In today's world, there is little doubt about who the emperor is. The United States has had a dominant position in international relations for many decades. This position has become even more powerful with the end of the Cold War. The U.S. now dominates the global economy; it has a pervasive cultural presence; it has a conventional military capability far greater than that of any other state; it has a stockpile of over 10,000 nuclear warheads; it has an almost overwhelming presence in international institutions.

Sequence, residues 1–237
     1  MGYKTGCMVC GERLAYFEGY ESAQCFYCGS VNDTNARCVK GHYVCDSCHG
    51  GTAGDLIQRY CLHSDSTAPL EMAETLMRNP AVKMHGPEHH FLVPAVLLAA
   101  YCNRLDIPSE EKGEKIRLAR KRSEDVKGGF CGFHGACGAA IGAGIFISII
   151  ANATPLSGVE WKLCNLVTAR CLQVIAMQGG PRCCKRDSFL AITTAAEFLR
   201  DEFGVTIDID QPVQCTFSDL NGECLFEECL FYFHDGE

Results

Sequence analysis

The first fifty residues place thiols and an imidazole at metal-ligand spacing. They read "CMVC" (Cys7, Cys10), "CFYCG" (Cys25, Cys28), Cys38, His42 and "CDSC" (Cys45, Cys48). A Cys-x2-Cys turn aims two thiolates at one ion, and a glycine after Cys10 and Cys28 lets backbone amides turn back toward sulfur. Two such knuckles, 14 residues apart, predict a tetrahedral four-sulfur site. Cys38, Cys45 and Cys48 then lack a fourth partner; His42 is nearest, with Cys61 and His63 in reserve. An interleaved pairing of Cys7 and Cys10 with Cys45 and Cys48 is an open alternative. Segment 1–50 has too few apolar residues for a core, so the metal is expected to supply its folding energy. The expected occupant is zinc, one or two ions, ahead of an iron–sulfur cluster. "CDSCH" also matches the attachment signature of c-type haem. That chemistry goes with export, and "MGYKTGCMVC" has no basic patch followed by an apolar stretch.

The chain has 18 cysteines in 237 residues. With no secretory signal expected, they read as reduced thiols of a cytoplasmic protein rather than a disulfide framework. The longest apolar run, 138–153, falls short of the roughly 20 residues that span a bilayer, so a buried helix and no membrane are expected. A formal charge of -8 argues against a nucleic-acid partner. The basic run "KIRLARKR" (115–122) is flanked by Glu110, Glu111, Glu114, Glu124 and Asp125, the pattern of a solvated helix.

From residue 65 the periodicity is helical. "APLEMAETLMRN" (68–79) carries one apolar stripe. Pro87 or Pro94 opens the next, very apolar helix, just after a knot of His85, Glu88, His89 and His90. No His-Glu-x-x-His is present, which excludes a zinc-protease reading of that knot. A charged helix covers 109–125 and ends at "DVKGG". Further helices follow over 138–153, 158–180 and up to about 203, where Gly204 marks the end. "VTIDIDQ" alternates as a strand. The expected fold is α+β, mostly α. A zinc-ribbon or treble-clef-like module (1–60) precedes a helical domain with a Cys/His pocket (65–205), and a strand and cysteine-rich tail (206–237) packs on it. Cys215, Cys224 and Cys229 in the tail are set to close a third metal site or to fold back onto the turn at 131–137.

The all-too-common U.S. protestations of good intention and its claim to guard universal freedoms also fit into a very familiar pattern. The U.S. is just another example of what E.H. Carr famously identified as the presumption of a harmony of interests, "an ingenious moral device invoked, in perfect sincerity, by privileged groups in order to justify and maintain their dominant position". But, every so often the mask slips. The New York Times recently explained that the Bush administration would support international treaties only "when they carve American interests in stone". No mention here of the common good. And, to belabour the point, the notion of an American interest is but an all-too-weary euphemism for the interests of the dominant classes in its society.